The Kentile Floors sign was a timeless symbol for the industrial roots of Brooklyn's Gowanus neighborhood. The iconic rusty-red letters made up the tile company's billboard, which was considered as a bold advertising move during the 1960s. The sign remained as is until all 13 letters were dismantled in 2014.
But the sign's legacy lives on. As a tribute, Aniket Shahane, Ivan Kostic, and Valentin Bansac of local practice Office of Architecture devised the "Kentile Kampaign". The Kampaign is a series of 40 retro-style, fictional postcards that "relocate" and reimagine the sign's 13 individuals letters in various spaces in NYC — including some recognizable images. In some of the postcards, the OA team rearranged the letters to spell out words as a subtle-but-not-so-subtle nudge of commentary to "the architectural characters of New York City", as the team put it.
The series bore from OA's "Gowanus Urban Field Station" competition entry that got an honorable mention in Axis Civitas last year. If you're in the area, the Site:Brooklyn Gallery just opened the Axis Civitas exhibition, which showcases the competition's urban strategies in a Gowanus Atlas as well as a new Urban Field Station.
Check out some of the Kentile Kampaign postcards below.
"Originally conceived as a bold advertising billboard in the 1960s for the Kentile Floor tile company, the 'Kentile Floors' sign in Gowanus, Brooklyn became an unwitting symbol of the grit and resiliency of its neighborhood. The scale of the sign; its font type and colors; and its location in the city rendered it a powerful urban marker, as its silhouette commanded the backdrop of a vibrant metropolis. In the summer of 2014, much to the dismay of many, all 13 letters that comprised the sign were dismantled."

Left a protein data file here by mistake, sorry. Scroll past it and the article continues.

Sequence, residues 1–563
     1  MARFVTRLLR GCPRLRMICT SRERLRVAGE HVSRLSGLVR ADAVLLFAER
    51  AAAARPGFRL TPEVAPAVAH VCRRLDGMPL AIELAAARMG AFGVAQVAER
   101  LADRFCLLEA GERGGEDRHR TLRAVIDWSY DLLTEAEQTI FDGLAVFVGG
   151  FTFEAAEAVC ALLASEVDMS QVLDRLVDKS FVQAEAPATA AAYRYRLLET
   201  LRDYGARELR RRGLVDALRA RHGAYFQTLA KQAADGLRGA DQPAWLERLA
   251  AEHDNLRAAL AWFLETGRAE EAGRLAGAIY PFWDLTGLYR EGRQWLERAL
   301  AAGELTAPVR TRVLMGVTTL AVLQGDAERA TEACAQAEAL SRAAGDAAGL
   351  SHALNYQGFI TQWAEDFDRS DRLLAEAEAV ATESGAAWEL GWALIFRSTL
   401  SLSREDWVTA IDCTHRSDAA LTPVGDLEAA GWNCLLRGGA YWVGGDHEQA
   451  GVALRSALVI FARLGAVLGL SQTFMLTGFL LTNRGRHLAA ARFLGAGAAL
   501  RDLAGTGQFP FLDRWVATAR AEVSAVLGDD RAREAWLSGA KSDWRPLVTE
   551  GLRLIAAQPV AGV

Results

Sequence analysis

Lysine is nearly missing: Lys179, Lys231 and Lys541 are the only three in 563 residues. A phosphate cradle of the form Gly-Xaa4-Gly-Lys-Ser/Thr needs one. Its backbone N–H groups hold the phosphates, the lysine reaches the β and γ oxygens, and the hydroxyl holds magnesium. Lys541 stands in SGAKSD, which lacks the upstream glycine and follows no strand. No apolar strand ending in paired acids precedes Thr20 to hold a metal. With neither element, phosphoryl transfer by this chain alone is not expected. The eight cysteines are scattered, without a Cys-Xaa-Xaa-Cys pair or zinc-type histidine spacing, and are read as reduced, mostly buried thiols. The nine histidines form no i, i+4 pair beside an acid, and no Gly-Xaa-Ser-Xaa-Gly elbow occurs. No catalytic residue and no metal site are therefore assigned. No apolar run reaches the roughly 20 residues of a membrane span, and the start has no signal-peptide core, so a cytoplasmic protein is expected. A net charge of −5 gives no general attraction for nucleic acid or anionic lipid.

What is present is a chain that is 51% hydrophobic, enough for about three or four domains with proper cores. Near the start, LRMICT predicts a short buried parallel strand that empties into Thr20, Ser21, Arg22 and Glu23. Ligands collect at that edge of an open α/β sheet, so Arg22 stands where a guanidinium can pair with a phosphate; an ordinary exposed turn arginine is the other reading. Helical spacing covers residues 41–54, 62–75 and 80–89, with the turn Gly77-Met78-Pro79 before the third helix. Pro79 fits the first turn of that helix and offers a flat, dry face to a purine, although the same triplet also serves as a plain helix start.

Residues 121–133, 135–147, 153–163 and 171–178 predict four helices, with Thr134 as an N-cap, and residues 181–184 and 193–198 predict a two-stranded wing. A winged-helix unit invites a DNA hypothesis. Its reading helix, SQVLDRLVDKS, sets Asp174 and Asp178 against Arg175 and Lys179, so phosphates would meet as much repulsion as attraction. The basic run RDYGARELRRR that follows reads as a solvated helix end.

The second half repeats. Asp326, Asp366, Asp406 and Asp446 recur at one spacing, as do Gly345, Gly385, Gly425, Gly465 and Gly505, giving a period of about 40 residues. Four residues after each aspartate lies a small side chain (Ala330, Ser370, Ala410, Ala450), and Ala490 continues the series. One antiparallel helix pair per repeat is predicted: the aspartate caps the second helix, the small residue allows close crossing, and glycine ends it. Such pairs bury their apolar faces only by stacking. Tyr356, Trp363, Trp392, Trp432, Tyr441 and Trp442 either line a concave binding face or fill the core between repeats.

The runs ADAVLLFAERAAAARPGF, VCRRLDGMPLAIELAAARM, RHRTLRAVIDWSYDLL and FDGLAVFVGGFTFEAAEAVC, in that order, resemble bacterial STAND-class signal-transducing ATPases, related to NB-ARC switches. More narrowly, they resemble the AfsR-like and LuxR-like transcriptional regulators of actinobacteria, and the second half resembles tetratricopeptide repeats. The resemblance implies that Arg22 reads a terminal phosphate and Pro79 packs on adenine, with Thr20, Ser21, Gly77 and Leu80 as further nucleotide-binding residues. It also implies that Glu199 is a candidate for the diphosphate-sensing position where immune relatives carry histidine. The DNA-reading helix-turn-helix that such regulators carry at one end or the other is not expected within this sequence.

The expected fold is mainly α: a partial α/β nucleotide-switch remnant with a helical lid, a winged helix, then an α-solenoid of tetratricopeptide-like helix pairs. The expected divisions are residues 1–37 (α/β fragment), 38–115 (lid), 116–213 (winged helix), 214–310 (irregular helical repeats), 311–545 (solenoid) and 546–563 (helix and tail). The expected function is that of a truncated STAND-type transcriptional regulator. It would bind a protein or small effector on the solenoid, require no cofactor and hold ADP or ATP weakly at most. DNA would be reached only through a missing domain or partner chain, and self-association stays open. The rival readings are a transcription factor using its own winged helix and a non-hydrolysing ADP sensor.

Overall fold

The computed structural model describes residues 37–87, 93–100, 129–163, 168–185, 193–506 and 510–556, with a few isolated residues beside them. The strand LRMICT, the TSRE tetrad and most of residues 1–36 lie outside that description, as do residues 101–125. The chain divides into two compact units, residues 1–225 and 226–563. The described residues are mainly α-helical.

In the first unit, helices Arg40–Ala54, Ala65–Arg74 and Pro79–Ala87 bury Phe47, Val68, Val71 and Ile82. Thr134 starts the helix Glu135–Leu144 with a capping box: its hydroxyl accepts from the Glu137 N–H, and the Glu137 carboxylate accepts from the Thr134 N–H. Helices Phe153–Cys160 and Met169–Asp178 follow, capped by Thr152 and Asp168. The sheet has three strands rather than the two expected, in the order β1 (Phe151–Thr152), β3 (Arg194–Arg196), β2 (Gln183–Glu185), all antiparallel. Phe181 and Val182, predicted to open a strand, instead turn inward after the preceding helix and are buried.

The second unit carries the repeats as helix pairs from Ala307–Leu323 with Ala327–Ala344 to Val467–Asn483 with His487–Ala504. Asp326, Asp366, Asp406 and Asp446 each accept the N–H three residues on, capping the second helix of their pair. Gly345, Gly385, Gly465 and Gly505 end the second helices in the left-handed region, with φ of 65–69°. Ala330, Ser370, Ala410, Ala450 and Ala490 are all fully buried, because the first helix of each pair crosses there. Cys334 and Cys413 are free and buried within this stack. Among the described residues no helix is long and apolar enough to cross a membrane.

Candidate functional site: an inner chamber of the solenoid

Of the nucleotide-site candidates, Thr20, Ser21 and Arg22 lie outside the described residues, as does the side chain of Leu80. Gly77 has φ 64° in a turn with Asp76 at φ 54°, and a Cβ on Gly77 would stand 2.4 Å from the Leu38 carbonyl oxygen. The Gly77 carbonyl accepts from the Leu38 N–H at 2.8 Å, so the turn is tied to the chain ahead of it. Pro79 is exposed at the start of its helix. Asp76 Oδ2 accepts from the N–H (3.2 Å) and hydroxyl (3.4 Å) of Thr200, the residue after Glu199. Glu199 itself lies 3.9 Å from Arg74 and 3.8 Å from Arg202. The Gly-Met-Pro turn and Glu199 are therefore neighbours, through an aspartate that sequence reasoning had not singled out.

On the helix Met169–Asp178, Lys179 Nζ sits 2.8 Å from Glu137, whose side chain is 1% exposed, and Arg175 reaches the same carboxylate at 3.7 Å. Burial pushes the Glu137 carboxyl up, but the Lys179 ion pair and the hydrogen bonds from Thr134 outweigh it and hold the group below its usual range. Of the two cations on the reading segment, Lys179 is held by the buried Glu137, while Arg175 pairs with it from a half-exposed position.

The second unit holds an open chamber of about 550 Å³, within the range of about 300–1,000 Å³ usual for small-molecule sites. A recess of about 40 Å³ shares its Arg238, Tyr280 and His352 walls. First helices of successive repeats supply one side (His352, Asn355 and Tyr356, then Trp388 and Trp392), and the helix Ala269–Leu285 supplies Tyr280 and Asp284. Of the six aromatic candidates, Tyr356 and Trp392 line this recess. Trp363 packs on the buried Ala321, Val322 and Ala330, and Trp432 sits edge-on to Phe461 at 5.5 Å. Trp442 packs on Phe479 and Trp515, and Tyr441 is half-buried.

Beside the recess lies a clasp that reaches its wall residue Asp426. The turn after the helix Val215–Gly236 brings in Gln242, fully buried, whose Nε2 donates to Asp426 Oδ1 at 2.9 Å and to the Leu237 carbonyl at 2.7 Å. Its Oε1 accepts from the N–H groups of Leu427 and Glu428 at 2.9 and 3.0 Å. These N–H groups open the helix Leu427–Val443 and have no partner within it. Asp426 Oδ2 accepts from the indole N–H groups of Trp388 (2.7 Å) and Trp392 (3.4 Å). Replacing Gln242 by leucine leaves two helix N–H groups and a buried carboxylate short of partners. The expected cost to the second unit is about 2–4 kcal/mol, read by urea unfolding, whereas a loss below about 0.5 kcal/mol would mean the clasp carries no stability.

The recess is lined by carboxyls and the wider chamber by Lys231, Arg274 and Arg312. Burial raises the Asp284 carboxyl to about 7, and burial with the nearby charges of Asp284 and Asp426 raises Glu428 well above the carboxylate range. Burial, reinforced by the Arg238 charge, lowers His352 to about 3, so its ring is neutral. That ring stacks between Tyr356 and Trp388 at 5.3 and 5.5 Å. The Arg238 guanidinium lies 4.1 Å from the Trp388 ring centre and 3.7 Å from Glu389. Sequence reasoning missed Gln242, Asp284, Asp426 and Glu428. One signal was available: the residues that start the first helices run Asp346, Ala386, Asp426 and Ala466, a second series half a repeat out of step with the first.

"The Kentile Kampaign [places] the 13 individual letters of the Kentile sign back into the space of New York City – the New York of our imagination as well as the city we encounter everyday. The Kampaign contends that in this city, little distinction lies between what we call banal and iconic."
"The Kentile sign was as meaningful a reflection of industrial Brooklyn as the Empire State building is of industrious Manhattan. [These images] are a tribute not only to the power of a sign, but also the characters – buildings and streets, bikes and cars, signs and lights, balconies and fire escapes, the hero and the everyman – that make our cities both memorable and commonplace at once."
All images courtesy of Office of Architecture.
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